Skip to comments.Gander international airport’s historic lounge at risk amid growing costs
Posted on 06/22/2014 5:47:21 PM PDT by Squawk 8888
The vintage international lounge at the Gander airport in central Newfoundland is a time capsule where Italian marble and designer furniture still exude the faded glamour of world travel.
Its a vast room, its iconic yellow sofas whimsically arranged on a mezzanine overlooking terrazzo floors and sleek blue chairs where VIPs ranging from global leaders to the Beatles once stopped on transatlantic flights.
It was opened by the Queen as a showcase of Canadian modernity in 1959. But the growing costs of preserving this cultural touchstone have raised the prospect that a more practical, smaller terminal will replace it.
We understand and appreciate the historical significance of this airport and this terminal building, said Gary Vey, president and CEO of the Gander International Airport Authority.
Were hopeful that some solution can be found perhaps to maintain it. But we have to be clear that it cant be at the expense of the airport authority because we dont have a mandate for that.
To put it bluntly, were not in the museum business.
(Excerpt) Read more at news.nationalpost.com ...
All those people in dire need of a place to land on 9/11 ....(and enjoyed the warm hospitality of Gander)...... should consider donating!
Been there many times. In 1980 I witnessed two Israli Air Force Officer/Pilots deplane from their military AC, striding into this lounge while refusing to surrender their side arms to the RCMP, who stood around with stinky looks on their faces, as the two Israelis had coffee and dougnuts.
I’m usually appreciative of period spaces and midcentury international design. But, this one leaves me thinking it looks like a small high school gymnasium.
Longer range aircraft = less need to stop in Newfoundland.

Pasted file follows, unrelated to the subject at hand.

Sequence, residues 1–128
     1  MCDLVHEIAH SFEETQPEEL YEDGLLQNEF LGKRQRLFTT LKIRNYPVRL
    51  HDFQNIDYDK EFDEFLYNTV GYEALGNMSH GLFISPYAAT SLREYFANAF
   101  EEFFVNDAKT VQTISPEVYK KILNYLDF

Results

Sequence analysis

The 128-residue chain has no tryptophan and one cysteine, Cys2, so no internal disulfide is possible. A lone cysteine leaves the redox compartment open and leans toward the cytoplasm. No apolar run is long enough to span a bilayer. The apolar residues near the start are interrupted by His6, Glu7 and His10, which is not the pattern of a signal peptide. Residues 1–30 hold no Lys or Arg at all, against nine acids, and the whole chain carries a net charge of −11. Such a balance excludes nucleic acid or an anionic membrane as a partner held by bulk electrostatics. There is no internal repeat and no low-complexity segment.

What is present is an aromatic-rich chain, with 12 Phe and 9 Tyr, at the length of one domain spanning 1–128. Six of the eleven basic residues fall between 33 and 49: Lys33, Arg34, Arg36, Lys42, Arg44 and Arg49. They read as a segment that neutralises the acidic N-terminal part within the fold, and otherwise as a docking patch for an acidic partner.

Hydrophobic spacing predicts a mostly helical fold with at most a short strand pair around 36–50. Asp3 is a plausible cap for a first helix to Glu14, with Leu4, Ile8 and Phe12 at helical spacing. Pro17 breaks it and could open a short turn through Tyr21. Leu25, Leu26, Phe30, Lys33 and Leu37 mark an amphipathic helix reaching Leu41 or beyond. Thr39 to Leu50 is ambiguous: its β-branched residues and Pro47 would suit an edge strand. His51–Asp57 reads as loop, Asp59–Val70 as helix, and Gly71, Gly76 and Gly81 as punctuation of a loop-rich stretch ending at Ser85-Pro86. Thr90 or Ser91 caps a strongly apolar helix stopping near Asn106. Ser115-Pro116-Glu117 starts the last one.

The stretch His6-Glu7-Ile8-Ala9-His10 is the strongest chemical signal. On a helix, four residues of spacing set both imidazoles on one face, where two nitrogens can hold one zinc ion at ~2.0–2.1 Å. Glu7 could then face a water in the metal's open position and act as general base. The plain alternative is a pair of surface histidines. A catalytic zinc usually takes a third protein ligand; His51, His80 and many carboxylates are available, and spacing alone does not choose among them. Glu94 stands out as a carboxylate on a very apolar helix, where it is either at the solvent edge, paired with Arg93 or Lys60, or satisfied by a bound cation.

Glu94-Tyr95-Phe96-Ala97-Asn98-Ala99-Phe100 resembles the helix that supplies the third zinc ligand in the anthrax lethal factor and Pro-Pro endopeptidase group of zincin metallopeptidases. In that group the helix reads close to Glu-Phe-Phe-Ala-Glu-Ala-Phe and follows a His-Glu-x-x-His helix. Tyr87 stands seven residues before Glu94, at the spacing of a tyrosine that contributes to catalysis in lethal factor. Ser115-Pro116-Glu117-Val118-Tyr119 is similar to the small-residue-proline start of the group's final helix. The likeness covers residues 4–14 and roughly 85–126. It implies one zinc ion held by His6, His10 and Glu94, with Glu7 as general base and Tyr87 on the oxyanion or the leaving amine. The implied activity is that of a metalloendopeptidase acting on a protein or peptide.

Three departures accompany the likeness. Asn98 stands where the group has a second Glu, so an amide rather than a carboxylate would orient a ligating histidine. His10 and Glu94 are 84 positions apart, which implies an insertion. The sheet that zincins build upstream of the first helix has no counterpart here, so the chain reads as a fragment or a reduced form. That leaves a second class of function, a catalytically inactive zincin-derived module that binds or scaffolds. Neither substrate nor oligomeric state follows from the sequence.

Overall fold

Cool for 1959
Yep, but it’s still essential for emergencies, as is the airport in Keflavik, Iceland. Sydney, NS is a tiny airport with a *huge* runway because it also serves that purpose; it was originally built as an alternate for Gander.
I was there on August 31, 1961, when our DC-6, on a flight from New Jersey to Frankfurt, West Germany, stopped to refuel.
Even the early jetliners had a much shorter range than those of today, so Gander remained quite active for some years after the jet age began; and more and bigger jets caused a new terminal to be needed by the 1950s. For a couple of years, Gander was the biggest commercial airport in the world in terms of runway capacity.
It's practically on a direct path from New York to the UK. These days, we just wave as we pass over it. It still surprises me somehow that over two hours out of New York bound for London, we're still over Canada. The first third of the flight is over land.
Wow. Thanks for that. I had no idea DC-3s ever did trans-Atlantic.
When I flew Toronto-Paris, an eight-hour flight, more than three hours was spent in Canadian airspace. The scale of things in North America is hard for Europeans to grasp; there's a story about a British family who, in the early days of WWII, made arrangements for their children to stay with relatives in Vancouver. They wired the details of when the ship would land in Halifax, asking them to pick the kids up. The relatives' response was, "You pick them up- you're closer."
Enjoyed a layover there on a contract military flight from Germany. Were were on a DC-9. And that was 1996!
1946 - “1 July: BOAC opened London-Shannon-Gander-New York flights by Lockheed Constellations, the first British civilian flights on the North Atlantic. The first flight was operated by G-AHEJ Bristol II (Captain O.P. Jones). A new era was heralded with new pressurised aircraft such as the Canadair Argonaut, Handley Page Hermes and Boeing Stratocruiser, that could fly over the weather.”
American Export used DC-4s from October, 1945, later upgrading to Constellations. Later Pan Am and TWA used Constellations. (Boeing used Stratocruisers in the Pacific, but apparently went with Constellations fro the Atlantic.
Not sure who would have used DC-3s. Stops in Greenland and Iceland?
Looks like Gander to Shannon is 1722 NM. I would be a trifle nervous on that route in a DC3. Better hope you do not lose an engine.
In the Pacific during the war I’m guessing they used ferry tanks a lot. Kind of wonder if DC3s ever went as deck cargo on liberty ships or on escort carriers.
Oh good grief :-) Hey, it’s all in Canada! What would they have ended up doing, putting the kids on a train probably.
Such a pretty place. They could surely move some of the decor to the new terminal as well as some good pictures of the old one for nostalgia’s sake. They could sell DVDs with documentaries of the history — bet a lot of people would buy them.
Makes me think of things like shortwave radio. This Internet has really spoiled us.
Gander still looks like it’s doing a pretty brisk business. They say they serve 20% of transatlantic business flights. But they don’t need all that terminal space anymore.
Oh, and no noise restrictions... bring your loudest craft at any time they don’t care :-)
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